NRCP Recognizes Outstanding Filipino Researchers

This page originally appears at the DOST website with the complete roster of awardees.

The National Research Council of the Philippines (NRCP) in its Annual Scientific Conference and 83rd General Membership Assembly held last 16 March 2016 at the Philippine International Convention Center conferred Outstanding Achiever Awards to three Filipino researchers/scientists, Outstanding Research Institutions to four academic institutions, Award of Distinctions to four Filipino researchers, and Honorable Recognition Awards to two NRCP Member Emeriti.


DR. MYLENE M. UY is honored for her exemplary achievements and invaluable contributions to research in the field of Natural Products Chemistry particularly on drug discovery and development from Philippine medicinal plants endemic in Mindanao. Dr. Uy’s exemplary leadership in the implementation of the first Tuklas Lunas Development Center of DOST-PCHRD in the Mindanao is also highly praised along with her unwavering dedication and support in the development and promotion of natural products research in Region. Dr. Uy is a Regular Member of the NRCP Division of Pharmaceutical Sciences and is currently with the Department of Chemistry, Mindanao State University – Iligan Institute of Technology.

NRCP Award of Distinction for 2015

Professor Emeritus, College of Science
University of Santo Tomas

For being an outstanding scientist, innovator, and leader who made significant contributions in the field of analytical chemistry, through his pioneering innovative work in chemical sensors and biosensors; his active and dedicated involvement in both local and international academic and chemistry communities, with papers published in leading international journals; his distinguished contributions as reflected in patents and in low-cost instrumentation he developed for chemical education; and his zealous desire in mentoring the young minds to become scientists themselves.


Professor Emeritus, University of Santo Tomas

For her inspiring leadership in the formulation of policies and setting directions for the growth and development of basic sciences in the field of chemical sciences; for her distinguished membership in the Council, and being an inspiration to budding scientists in the country.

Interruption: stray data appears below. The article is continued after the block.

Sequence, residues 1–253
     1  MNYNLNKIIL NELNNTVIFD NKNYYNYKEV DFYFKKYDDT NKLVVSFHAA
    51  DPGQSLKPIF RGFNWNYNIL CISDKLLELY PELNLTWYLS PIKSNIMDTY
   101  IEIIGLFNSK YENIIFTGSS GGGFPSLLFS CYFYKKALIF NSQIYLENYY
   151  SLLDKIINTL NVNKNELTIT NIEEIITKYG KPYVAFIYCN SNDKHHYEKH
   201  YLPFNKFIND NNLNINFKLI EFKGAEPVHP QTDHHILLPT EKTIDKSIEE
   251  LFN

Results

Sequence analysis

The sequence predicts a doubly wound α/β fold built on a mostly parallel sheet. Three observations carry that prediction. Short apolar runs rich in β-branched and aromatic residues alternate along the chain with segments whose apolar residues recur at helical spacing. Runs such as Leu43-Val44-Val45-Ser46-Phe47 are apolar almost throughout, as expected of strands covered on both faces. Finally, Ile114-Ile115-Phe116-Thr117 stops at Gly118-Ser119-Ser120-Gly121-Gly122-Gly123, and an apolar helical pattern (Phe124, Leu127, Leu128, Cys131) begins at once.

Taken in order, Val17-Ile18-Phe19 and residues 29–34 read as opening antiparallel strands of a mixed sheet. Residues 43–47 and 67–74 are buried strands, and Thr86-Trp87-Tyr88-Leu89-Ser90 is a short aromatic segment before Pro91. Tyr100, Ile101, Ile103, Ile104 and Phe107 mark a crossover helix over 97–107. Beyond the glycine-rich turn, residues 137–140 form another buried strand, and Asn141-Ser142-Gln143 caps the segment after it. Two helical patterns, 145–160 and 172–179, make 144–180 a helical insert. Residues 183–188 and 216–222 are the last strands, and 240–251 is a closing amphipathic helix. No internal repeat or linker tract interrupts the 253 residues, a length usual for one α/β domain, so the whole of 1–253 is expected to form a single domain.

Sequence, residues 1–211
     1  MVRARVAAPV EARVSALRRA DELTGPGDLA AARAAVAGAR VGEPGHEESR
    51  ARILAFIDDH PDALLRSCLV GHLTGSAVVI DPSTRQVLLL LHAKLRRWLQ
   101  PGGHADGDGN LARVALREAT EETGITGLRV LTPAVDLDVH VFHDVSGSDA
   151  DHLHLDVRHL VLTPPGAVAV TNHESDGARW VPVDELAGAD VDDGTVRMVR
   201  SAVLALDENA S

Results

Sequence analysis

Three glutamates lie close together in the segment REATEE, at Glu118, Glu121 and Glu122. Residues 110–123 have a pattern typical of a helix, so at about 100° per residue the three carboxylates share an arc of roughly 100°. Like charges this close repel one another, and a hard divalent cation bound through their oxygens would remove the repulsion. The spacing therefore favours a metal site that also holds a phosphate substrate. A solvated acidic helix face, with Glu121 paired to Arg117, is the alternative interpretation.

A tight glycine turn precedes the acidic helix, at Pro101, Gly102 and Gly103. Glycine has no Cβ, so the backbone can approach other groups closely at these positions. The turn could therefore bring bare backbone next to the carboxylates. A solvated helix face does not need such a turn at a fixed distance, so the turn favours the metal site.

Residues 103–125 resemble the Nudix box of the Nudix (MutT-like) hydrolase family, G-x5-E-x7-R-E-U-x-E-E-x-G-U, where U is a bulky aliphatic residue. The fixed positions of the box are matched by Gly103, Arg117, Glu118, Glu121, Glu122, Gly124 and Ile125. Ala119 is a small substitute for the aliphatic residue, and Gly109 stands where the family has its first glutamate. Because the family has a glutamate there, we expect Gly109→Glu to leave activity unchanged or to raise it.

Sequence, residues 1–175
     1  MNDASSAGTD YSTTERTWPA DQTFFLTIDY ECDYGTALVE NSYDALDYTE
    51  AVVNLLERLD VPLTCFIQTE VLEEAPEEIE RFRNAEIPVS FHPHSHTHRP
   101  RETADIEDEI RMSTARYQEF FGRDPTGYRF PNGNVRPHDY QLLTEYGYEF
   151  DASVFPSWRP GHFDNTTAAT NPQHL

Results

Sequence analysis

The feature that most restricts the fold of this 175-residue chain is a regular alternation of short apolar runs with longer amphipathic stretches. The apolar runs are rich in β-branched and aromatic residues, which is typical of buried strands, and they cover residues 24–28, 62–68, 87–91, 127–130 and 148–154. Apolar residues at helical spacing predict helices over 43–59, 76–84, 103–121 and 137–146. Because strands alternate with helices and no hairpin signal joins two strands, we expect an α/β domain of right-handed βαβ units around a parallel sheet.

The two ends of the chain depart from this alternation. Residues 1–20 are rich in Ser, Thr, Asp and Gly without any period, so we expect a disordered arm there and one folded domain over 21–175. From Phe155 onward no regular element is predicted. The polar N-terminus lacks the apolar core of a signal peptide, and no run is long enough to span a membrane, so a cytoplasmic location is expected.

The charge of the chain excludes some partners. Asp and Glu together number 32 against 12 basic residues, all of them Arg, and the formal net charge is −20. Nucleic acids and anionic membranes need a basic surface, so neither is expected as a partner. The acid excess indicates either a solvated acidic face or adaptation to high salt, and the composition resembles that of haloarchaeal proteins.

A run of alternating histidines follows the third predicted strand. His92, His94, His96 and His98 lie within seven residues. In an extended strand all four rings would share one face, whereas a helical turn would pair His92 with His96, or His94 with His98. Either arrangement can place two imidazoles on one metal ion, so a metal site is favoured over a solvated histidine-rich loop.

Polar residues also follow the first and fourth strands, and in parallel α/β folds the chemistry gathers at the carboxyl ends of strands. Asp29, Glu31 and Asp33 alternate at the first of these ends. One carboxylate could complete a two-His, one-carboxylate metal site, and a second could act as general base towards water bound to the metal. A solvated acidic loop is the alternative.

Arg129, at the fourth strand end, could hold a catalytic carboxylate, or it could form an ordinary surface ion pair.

The International Chemistry Olympiad . . . Olympics of the Mind

By Jose M. Andaya

The four-day debut of the International Chemistry Olympiad (IChO) on June 18, 1968 in Czechoslovakia, Prague showcased three European teams wrestled questions in chemistry. Since then, the IChO has earned a reputation from a mere curiosity to one of the most anticipated international events for chemistry enthusiasts.

The Philippines is not a member of IChO and for quite a number of years, our high school students who would like to compete in the IChO cannot do so because of this reason. In this regard, the Philippine Federation of Chemistry Societies or PFCS and the different associations under it like the Philippine Association of Chemistry Teachers or PACT, Kapisanan ng mga Kimiko sa Pilipinas or the KKP, and the Integrated Chemists of the Philippines or the ICP, have joined forces together to generate enough finances to send local observers to the IChO.

IChO requires each participating country to observe the Olympiad proceedings for two years first before it is allowed to send contestants. The first observation happened on the 47thIChO on July 20 – 29, 2015 in Baku, Azerbaijan. While the second IChO observation was in Tbilisi, Georgia for the 48thIChO last July 23 – August 1, 2016.  During these observations, I have learned the different activities of mentors and students during the 10-day Olympiad. The students are housed in a different hotel away from their mentors during the whole Olympiad. There are only a few occasions when mentors and students get together for some programs or events. Highlights of the events included the Opening program, wherein the host country welcomes all guest and participants for the year’s Olympiad. It double functions as fellowship gathering where participants from various countries get to know each other.

The Jury nights or meetings, is where the committee who prepared the questions and the mentors meet and discuss the validity of the questions that will be used. All important issues or concerns regarding the Olympiad are threshed out in this session. On a lighter note, a city tour for students was organized to enable them to explore the city while their mentors prepare the final questions to be used in the Olympiad. When it’s the student’s turn to take the examinations, mentors and guest took turns to explore the city.

The arbitration day, is when the committee who prepared the questions check the test papers of the students.  After checking, the mentors can still discuss with the committee to negotiate for partial point/s by giving justifications to the answers of their students. The IChO is capped with a closing ceremony, where students who performed best in the Olympiad are given recognition, to include the merit award, bronze, silver and gold medals. This is also the opportunity to say farewell to all attendees of the Olympiad.

We successfully accomplished the two-year observation period as a prerequisite to joining the IChO. All chemistry associations under the PFCS, the PACT, the KKP and the ICP, are happy to see the realization of our dreams.  Someday, our Filipino students will compete in the International Chemistry Olympiad or IChO and win. As the 2016 IChO organizers have told us “they are happy to welcome the first Filipino group who will participate in the 2017 IChO” which will happen in Thailand next year.